We can attempt to move things towards a little bit more understanding, a little bit more peacefulness, a little bit more open-heartedness about the future. These are things I think music can do so beautifully. So I am committed to that.

Rumpus: Over the years, there have been changes within the group and in the audience. Could you talk a little about these changes?

Harrington: By 1978, John Sherba (violin), Hank Dutt (viola), Joan Jeanrenaud (cello) and I had met each other, and that foursome stayed together until Joan left the group in ’98. And a lot of people know Kronos in that way. Actually, in December we’re going to be doing a quintet with Joan, whom we haven’t played with during all these years, a wonderful piece by Russian composer Vladimir Martinoff. And, then Jennifer Culp joined Kronos for five years. Following Jennifer’s tenure, Jeff Zeigler joined and Jeff’s been in Kronos for four years now.

Rumpus: What about your audience?

Harrington: It’s like the older I get, the younger the audience gets. I think it’s a diverse audience. For example, we were playing in Lyon, France about a month ago. There were kids, teenagers, students, college students, young professionals, older people. It felt like a genuine microcosm of the whole society. I liked that. And now I have grandkids. You know, the other night I was playing a videotape of a concert we did in March. It was the first concert where both of my grandkids were at the concert.

I could hear my grandson; he was about three months old. I could hear him crying. I just thought, you know, I love doing this. I just love it. It’s great when parents are bringing their kids. It’s great when people who have known us for years bring their own families, and then they bring their parents. I love that. It’s a reason to do something for as long as I’ve done this. There’s a real satisfaction in seeing and feeling that kind of development within an audience.

Rumpus: Earlier this summer, my dad took my thirteen- and sixteen-year-old sisters to see Joan Baez.

Harrington: Oh my god.

Rumpus: He listened to that music growing up, and then he got to share it with them!

Harrington: You know, Joan Baez came to one of our concerts last summer.My wife, to whom I’ve been married for 39 years, grew up listening to Bob Dylan and Joan Baez. So she gave me a Dylan album to listen to one night, and I gave her an Alban Berg album to listen to. And somehow we’ve stayed together!

Rumpus: One thing I’d like to talk about is the diversity of your collaborators over the years. Dave Matthews and Nine Inch Nails, for example, and the composers you’ve worked with, such as Philip Glass and Steve Reich. What do you think it is about the music you make that allows for such flexibility?

Harrington: That’s an interesting question, and I hope my response will be as interesting as the question. First of all, I think that two violins and a viola and a cello is an amazing sound. People are attracted to this sound more and more. There’s something to it. There’s something human in this sound that we work with. I’ve felt that since I first heard string quartet music when I was ten, or eleven, I think. I feel like more people are noticing that,  as well as more musicians from various parts of the spectrum of music. I find it interesting that no two composers sound the same when they write string quartet music. Górecki sounds like Górecki. Philip Glass sounds like Philip Glass. Terry Riley —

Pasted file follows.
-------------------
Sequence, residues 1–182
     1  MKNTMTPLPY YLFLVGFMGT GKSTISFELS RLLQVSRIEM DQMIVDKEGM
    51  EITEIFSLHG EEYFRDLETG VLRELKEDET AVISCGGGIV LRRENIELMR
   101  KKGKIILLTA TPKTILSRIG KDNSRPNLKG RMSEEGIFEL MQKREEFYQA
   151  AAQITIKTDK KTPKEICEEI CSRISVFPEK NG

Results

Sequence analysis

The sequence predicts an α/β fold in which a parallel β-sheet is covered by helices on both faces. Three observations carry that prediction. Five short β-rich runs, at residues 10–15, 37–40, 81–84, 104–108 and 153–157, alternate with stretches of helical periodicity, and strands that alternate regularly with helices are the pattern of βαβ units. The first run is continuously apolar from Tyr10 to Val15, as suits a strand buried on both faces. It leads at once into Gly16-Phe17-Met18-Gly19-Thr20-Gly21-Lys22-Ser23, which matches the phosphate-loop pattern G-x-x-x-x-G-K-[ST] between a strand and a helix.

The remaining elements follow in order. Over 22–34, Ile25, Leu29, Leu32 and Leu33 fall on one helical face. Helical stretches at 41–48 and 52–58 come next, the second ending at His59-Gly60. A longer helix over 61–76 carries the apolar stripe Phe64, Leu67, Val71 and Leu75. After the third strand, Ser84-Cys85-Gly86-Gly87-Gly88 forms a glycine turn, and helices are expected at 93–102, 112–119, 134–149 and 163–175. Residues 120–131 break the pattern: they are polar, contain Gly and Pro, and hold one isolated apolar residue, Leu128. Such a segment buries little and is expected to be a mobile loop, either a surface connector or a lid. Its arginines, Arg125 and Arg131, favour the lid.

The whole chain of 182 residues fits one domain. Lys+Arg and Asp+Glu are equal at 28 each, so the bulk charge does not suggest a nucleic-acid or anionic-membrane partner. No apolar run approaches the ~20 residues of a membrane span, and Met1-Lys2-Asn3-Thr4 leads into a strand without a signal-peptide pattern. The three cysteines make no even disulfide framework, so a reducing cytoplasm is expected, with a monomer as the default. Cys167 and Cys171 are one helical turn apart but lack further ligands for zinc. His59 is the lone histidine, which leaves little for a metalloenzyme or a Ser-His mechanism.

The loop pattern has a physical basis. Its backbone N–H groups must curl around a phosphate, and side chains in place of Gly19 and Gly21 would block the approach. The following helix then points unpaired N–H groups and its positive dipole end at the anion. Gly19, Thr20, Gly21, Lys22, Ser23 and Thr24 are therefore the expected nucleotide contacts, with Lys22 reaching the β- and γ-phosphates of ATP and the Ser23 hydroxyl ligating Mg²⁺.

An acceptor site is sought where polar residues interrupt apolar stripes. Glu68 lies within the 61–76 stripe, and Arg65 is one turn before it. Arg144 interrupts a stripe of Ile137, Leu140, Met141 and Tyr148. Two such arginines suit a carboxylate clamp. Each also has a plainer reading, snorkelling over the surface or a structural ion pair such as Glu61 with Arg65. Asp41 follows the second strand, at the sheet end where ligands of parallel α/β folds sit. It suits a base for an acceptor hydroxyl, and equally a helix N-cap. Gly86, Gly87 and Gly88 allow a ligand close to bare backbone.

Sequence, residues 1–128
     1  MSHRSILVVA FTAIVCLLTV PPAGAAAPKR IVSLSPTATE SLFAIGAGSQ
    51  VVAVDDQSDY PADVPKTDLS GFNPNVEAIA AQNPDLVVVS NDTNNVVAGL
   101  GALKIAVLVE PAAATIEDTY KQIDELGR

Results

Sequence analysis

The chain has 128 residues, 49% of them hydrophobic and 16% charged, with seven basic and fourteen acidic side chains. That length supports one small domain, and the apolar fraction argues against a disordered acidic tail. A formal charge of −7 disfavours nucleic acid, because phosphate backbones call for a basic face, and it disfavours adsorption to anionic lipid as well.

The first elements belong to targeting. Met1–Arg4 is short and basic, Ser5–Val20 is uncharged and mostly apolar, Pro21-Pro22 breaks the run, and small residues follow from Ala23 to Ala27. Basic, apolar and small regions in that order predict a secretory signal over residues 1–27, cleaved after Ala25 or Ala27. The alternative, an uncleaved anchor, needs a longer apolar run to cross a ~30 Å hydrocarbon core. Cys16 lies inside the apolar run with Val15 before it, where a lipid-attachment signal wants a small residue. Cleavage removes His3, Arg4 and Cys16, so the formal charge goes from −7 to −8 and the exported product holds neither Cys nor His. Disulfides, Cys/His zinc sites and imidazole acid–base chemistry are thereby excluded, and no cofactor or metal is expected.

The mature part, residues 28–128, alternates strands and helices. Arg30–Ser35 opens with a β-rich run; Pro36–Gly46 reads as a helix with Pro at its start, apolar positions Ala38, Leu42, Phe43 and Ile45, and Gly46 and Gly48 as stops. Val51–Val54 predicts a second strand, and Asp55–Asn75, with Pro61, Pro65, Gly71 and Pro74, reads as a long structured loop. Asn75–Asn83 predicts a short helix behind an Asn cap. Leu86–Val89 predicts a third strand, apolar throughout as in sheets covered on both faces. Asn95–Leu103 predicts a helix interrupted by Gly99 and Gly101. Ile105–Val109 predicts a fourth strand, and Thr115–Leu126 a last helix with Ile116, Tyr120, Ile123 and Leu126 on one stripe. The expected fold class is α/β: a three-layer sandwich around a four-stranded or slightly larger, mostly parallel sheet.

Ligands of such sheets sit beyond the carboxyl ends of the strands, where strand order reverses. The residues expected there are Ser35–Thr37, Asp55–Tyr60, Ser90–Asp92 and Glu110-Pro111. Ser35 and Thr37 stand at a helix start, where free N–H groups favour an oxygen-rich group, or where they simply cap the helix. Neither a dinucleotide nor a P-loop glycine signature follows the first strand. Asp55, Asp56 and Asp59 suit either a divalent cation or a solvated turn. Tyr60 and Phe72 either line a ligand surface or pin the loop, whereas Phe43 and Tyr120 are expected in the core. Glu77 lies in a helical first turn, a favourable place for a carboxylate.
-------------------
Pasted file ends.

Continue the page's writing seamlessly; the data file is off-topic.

Rumpus: Sounds like Terry Riley!

Harrington: They sound like themselves. Most people who write string quartet music end up saying it’s the most intimate form, and the most challenging form. And I feel that probably the reason it is challenging is because it’s so basic, you know? Also because of its history. What Haydn started in 1750 is astonishing, really. Think about the foundation that the string quartet got from Haydn, Mozart, Beethoven, and Schubert. They all lived in the same city. What a foundation!

What I have wanted to do with my life is to expand that foundation and bring more interesting voices, interesting perspectives, interesting personalities into this world. Every morning I say my little thank you to Haydn, Joseph Haydn, for starting this form. I think it’s a magnificent creation.

Rumpus: So what about the future? Where is Kronos headed next?

Harrington: This is a great day for me to be thinking about that. The piece that we are working on right now at Theater Artaud is the largest piece we have ever put together in terms of its scope. But to answer your question, usually where we are headed, is all directions at the same time.

I kind of suspect that’s what it’s going to be like. There are a lot of people writing for us right now, from Damon Albarn to Górecki to Terry Riley to Steve Reich to Philip Glass to a lot of people you haven’t heard of yet. I find it a very exciting time to be alive, to be a musician, and to be a member of Kronos.

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The Kronos Quartet has an excellent website with an abundance of information: performance dates, other collaborators, press and other projects. Check it out.


Nina Moog is a writer and director of photography based in Germany. She holds an MA from the University of St. Andrews and an MSc from the University of Oxford, where her thesis focused on photographic representations of prisons. More from this author →